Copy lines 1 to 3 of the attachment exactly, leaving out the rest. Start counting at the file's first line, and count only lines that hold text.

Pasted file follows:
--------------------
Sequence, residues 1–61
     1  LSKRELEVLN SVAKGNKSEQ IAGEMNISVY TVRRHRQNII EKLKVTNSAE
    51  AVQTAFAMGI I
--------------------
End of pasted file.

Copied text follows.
Sequence, residues 1–61
     1  LSKRELEVLN SVAKGNKSEQ IAGEMNISVY TVRRHRQNII EKLKVTNSAE
    51  AVQTAFAMGI I